There is close within job descriptions that can be helpful to you. In this video, I reference an article from Harvard Business Review in and my own special sauce on top of it. The source article generally deals with less experienced people. I special twist at the end.

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Decoding job descriptions is what I'm going to talk about today. I'm Jeff Altman, The Big Game Hunter, a coach who helps people professionally in a number of different ways. And I used to do executive search, and help people find work, help organizations fill positions,.

There was a really good article in Harvard Business Review, called "What job description jargon is actually saying." So I thought I would use this as a framework for my own opinions about things and I'm going to have a big piece at the end. So hang in there toward the end. Because I think that's almost as important as the entire article. It's more practical than the entire article.

So the first thing they point out, and I think this article is really geared toward less experienced people, rather than more experienced people. And you'll see why in a second. And I'm going to add in the pieces for the more experienced person. So the first thing is know what's "required" and what's referred to as "desired."

Requirements are absolutes. Desires are pluses; requirements, unless there's one of these huge lists of skills, the primary ones are there are listed sequentially in terms of relative importance. So if you have the fifth, sixth, and seventh, but not the first four, the probability is you're not qualified. Focus on the first four of the list, or the first group of the list. And on the desires, I encourage people, where you have them, bring it to their attention. As a matter of fact, when you send the cover email, or upload your resume and have the opportunity to talk about your background, create something that calls attention to this requirements that you meet, and the desired skills and experiences that you also have. So that's point number one.

Point number two, there are hints in the job description about the corporate culture. Now from a writing standpoint, the more severe and austere and bureaucratic the job description is, the more likely you're looking at a formal culture. The more shall we say exclamation points are in the job description. And the more relaxed the language, the more likely it is, this is a looser culture. There's no guaranteed but there tends to be a hint in the writing style that suggests corporate culture.

Next part of this is numbers of years of experience. Now, here, the article focuses on less experienced people. So the classic example is a two to four year experience person. Let's say in meeting the qualifications, don't fixate on the number of years. You can go a little bit less; you can go a little bit more.

So for example, you know, instead of two to four, it could be one to five or six. The real thing is about the functionality of the role, and whether or not you'd be qualified. And I have to say, from your standpoint, interested, as, let's say, a six year person doing a job that a four year person might be interested in.

Also, titles can be a little screwy, because one person's, as they use the example, coordinator can be another organization's manager. So be careful about the titles here.

And these days, as I'm recording this, at the beginning of 2021, most jobs are going to be remote unless there's something concrete where you have to go to a client site. And it's very clear. Like, if you're a landscaper, obviously you're going to people's homes or organizations, premises. Those will get spelled out. But most jobs these days are going to be remote.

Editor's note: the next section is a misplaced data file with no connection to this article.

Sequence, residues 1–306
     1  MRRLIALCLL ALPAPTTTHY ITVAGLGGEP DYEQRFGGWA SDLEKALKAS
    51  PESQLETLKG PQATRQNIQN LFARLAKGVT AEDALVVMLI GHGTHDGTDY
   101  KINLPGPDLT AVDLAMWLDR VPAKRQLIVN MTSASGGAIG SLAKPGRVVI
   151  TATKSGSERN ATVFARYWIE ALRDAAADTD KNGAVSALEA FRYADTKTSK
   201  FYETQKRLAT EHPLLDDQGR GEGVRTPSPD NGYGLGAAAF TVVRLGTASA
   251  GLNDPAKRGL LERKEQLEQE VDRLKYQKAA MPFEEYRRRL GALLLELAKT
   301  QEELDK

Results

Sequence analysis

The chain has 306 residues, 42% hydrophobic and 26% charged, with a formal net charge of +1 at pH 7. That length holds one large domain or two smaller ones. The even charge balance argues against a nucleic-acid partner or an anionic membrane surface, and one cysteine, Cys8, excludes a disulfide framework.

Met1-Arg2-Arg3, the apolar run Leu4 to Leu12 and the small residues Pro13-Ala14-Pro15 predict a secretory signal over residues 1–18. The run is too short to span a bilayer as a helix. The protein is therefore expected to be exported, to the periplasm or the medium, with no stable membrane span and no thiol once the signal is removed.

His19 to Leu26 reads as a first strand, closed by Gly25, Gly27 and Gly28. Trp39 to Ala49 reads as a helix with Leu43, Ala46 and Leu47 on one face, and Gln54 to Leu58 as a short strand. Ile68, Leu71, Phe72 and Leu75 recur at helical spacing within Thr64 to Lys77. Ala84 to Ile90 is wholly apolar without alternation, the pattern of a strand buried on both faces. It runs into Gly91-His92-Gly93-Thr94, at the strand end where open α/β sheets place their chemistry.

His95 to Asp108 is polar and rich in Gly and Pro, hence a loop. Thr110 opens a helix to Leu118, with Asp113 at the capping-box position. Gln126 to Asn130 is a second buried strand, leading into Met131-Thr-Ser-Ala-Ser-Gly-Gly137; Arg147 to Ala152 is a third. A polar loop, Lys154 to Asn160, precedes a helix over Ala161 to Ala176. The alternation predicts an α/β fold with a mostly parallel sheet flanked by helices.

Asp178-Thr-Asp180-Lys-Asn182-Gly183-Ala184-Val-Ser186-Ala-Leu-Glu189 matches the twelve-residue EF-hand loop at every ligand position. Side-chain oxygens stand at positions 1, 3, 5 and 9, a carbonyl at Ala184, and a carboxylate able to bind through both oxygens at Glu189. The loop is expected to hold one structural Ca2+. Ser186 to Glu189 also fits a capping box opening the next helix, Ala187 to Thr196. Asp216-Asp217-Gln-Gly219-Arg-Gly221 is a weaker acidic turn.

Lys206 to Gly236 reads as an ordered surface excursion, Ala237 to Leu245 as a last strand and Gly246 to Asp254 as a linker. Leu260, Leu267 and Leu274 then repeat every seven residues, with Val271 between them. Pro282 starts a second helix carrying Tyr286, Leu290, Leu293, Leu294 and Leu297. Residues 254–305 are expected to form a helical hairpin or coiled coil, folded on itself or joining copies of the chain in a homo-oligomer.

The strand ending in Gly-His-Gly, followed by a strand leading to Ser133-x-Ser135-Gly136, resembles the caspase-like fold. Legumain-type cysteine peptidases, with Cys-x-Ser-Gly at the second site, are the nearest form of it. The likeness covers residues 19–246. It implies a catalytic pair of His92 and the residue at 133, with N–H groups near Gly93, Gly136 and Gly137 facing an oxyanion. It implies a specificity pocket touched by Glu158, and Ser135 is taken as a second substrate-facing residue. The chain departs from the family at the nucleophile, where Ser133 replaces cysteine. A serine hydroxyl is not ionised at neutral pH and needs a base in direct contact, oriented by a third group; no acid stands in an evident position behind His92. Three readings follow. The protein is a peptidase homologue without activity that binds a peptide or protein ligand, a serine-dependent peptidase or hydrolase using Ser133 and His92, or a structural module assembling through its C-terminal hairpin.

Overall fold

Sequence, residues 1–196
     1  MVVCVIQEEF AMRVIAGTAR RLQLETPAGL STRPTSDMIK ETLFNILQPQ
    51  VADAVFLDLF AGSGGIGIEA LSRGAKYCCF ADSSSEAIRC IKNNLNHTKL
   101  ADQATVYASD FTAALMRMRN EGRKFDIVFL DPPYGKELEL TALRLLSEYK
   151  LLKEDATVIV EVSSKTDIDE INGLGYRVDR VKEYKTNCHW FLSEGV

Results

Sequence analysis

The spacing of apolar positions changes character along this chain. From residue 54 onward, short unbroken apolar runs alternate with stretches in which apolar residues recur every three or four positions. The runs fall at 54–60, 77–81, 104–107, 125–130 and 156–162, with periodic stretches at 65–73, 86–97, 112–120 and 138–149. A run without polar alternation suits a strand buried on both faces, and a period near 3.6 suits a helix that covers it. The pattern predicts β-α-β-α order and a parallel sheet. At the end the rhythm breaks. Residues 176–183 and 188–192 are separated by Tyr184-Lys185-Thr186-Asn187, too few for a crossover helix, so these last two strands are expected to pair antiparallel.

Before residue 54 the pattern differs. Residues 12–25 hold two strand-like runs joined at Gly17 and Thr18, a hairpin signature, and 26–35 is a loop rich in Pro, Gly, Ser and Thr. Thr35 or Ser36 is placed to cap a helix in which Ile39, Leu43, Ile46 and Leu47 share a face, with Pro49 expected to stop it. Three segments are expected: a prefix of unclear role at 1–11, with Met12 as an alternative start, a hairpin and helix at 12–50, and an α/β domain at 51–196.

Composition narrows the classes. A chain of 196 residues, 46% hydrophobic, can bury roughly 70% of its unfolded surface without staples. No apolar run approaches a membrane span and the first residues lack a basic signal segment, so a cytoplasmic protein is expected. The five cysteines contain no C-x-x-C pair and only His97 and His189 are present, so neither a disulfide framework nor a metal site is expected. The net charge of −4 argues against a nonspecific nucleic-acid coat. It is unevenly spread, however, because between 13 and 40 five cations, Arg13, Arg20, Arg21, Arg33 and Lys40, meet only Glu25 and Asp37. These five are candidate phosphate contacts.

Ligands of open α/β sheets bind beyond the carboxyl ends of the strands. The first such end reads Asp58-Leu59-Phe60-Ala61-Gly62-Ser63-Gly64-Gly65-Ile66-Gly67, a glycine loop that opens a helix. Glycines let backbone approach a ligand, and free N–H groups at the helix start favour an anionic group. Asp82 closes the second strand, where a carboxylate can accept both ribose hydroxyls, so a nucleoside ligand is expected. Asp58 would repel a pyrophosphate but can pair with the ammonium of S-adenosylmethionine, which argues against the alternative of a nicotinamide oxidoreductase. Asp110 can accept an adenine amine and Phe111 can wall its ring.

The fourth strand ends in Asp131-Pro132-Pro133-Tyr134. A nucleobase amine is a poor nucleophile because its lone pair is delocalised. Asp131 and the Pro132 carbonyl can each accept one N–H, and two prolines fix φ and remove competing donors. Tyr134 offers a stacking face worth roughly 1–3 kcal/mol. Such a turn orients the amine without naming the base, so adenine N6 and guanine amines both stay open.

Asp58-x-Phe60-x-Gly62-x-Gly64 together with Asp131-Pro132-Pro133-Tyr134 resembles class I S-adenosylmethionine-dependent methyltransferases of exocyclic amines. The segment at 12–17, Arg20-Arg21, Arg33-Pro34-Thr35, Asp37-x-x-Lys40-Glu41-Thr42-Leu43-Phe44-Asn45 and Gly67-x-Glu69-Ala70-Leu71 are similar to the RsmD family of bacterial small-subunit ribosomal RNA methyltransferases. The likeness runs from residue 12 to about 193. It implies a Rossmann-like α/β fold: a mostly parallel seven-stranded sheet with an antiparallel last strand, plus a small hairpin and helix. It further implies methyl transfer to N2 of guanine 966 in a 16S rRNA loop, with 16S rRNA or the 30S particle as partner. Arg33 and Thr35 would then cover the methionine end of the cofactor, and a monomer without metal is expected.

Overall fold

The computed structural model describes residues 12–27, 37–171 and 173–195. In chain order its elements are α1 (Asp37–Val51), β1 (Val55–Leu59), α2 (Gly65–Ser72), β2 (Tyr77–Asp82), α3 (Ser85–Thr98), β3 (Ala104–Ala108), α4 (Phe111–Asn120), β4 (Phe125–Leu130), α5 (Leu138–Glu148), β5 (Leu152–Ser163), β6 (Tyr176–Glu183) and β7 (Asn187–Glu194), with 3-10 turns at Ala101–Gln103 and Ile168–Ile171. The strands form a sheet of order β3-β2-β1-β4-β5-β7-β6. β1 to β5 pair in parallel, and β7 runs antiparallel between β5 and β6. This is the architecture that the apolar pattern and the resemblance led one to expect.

They may ask you in the job description, whether or not you're open to working at their location when everyone gets back into the office. And you have to make your own choice about how to respond to that.

Now the piece I want to add in at the end is that job descriptions are 80% accurate. And I say that because most hiring managers never take the time to update them. They recycle them over and over again over years, and even their predecessor's job descriptions, they're using to this day. So, when you actually get to the interviewer, the first thing you need to do is to clarify what it is that they're looking for by saying, and this can be, by the way, with a thumthe phone screener round. "Hey, thanks so much for making time to speak with me. You know, I recall the job description but I want to get your take on the role. Can you tell me about the job as you see it and what I can do to help." And that will give you the current roadmap for the role.

I'm Jeff Altman. Hope you found this helpful. My website is TheBigGameHunter.us. Go to the blog and go exploring there. There's just a lot there to help you. And, and, at a minimum, put that address in your phone for a point later on where you might think you need some advice, because you can hire me to coach you or hire me to answer some of your questions. I'd love to help.

Connect with me on linkedin at Linkedin.com/in/TheBigGameHunter. And the last thing I just want to mention, subscribe to my podcast , Nno BS Job Search Advice Radio. It is the number one podcast in Apple podcasts for job search with more than 2000 episodes over 10 years.

Have a terrific day. be great. Take care!

ABOUT JEFF ALTMAN, THE BIG GAME HUNTER

JeffAltman, The Big Game Hunter
JeffAltman, The Big Game Hunter

Jeff Altman, The Big Game Hunter is a coach who worked as a recruiter for what seems like one hundred years. His work involves career coaching, all as well as executive job search coaching, job coaching, and interview coaching. He is the host of “No BS Job Search Advice Radio,” the #1 podcast in iTunes for job search with more than 1900 episodes, and is a member of The Forbes Coaches Council.

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